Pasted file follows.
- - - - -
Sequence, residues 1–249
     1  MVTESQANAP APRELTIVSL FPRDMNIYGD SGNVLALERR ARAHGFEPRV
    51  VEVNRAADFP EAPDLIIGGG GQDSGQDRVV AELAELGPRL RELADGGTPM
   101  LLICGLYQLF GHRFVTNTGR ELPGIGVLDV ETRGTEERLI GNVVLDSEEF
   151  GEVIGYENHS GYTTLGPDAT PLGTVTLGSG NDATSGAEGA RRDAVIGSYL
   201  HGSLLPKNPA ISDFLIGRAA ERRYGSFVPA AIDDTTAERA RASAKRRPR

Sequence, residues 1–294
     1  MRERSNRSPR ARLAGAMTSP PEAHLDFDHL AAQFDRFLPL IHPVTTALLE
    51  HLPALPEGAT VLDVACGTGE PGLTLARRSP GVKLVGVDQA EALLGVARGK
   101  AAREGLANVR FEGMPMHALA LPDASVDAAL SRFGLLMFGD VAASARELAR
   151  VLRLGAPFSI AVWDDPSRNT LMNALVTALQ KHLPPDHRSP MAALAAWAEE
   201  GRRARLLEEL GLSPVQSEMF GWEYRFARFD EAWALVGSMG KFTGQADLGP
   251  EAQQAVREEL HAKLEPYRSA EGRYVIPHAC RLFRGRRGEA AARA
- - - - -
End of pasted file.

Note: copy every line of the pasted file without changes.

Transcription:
Sequence, residues 1–249
     1  MVTESQANAP APRELTIVSL FPRDMNIYGD SGNVLALERR ARAHGFEPRV
    51  VEVNRAADFP EAPDLIIGGG GQDSGQDRVV AELAELGPRL RELADGGTPM
   101  LLICGLYQLF GHRFVTNTGR ELPGIGVLDV ETRGTEERLI GNVVLDSEEF
   151  GEVIGYENHS GYTTLGPDAT PLGTVTLGSG NDATSGAEGA RRDAVIGSYL
   201  HGSLLPKNPA ISDFLIGRAA ERRYGSFVPA AIDDTTAERA RASAKRRPR

Sequence, residues 1–294
     1  MRERSNRSPR ARLAGAMTSP PEAHLDFDHL AAQFDRFLPL IHPVTTALLE
    51  HLPALPEGAT VLDVACGTGE PGLTLARRSP GVKLVGVDQA EALLGVARGK
   101  AAREGLANVR FEGMPMHALA LPDASVDAAL SRFGLLMFGD VAASARELAR
   151  VLRLGAPFSI AVWDDPSRNT LMNALVTALQ KHLPPDHRSP MAALAAWAEE
   201  GRRARLLEEL GLSPVQSEMF GWEYRFARFD EAWALVGSMG KFTGQADLGP
   251  EAQQAVREEL HAKLEPYRSA EGRYVIPHAC RLFRGRRGEA AARA